Week One Reviews – Daddy

Following his success as part of last year’s smash-hit ‘The Importance of Being Ernest as Performed by Three Fucking Queens and a Duck’, Australian writer and performer Brent Thorpe (one of the aforementioned Fucking Queens) returns with his brand-new show ‘Daddy’, directed by former State Theatre Company of South Australia artistic director Adam Cook.

The venue is DV8, an exciting addition to the IDGTF family in 2023, and this will be our Wild West: anything goes in here! We are greeted by the sight of Daddy’s Boys, Jack Misch and Patrick Phillips, in harness, jocks and singlets, cheeky winks and teasing smiles, grinding and writhing like a scene from a Berlin leather bar, before being joined by Thorpe, the titular Daddy.

This may feel like familiar territory for gay theatre, but soon comes the storm that rips our house from its foundations and transports us to the magical land of Oz. Everything is not as it seems. ‘Daddy’ is fascinating in that it is concurrently exactly the show you think it is and the show you least expect it to be.

It’s sexy, sweaty, and downright dirty, with tales of sexual encounters and glorious filth aplenty, yet it combines this with academic explorations of the queer canon, from Walt Odets to John Waters, and heart-warning stories form yesteryear. The show plays with style and format, with dance, storytelling, Ted Talk and stand-up all rolled into one. Thorpe has razor sharp delivery and a charming, engaging stage presence. Misch and Phillips have mastered their brief as Daddy’s Boys, lending a musicality and physicality to the show with their obvious talents.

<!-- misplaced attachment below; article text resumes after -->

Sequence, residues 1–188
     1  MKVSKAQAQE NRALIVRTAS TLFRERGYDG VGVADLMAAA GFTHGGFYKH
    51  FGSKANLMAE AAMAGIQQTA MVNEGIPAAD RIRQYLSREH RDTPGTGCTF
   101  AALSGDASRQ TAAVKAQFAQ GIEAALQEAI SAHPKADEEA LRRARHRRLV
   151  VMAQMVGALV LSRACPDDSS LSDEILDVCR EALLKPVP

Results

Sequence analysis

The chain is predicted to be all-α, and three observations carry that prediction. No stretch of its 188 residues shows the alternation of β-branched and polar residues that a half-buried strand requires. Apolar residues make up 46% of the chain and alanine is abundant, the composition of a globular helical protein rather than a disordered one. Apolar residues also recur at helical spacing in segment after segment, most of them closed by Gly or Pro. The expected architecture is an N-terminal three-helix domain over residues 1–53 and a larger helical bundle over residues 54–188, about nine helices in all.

At its heart, this is a coming-of-age story. The intriguing twist is that this man’s coming-of-age takes place after his 50th birthday. The show shoots from the hip, with acid-tongued bile and Aussie brashness at its finest, but below the surface is poignancy, vulnerability and a search for self. In the inter-generational conversation within the show, Daddy is a gay Benjamin Button, a man finding the liberation of his inner child the older he gets, whilst accepting the responsibility of educating his boys on their queer history, a charge that being an elder within the community brings. It’s a fascinating dichotomy that plays out through the course of the show.

In one unforgettable moment on his journey through hedonism and self-discovery, Daddy goes to some extreme places and sexual practices. And when I say extreme, I mean it really does go THERE. But this is not mindless sensationalism. Like all the great performance artists, satirists and provocateurs, there is a powerful, political punch at play. For many years gay men have lived in shame. Sadly, many still do. I was reminded of similar themes explored in Alan Downs’ ‘The Velvet Rage’ and its literary descendant, Matthew Todd’s ‘Straight Jacket’. It is this shame that ‘Daddy’ rallies against, urging us to be ourselves, in all our devilish glory. In the quest to achieve this, nothing can be nor should be taboo.

Sure, this show is not one for the faint of heart, but queer theatre at its best should never be for the faint of heart. The collective experience of our community has not been tame. We have been silenced in our closets for generations, but now we are stepping out and telling our stories loud and proud. For 21 years Dublin has provided the platform for LGBTQ+ artists to do just that. And at a time when, as the play reminds us, Drag Queen Storytimes and Pride events are being cancelled by a wave of right-wing hostility, our strength comes in our visibility, diversity and unity.

Such is the joy of ‘Daddy’; such is the importance of the IDGTF.

Rob Ward.


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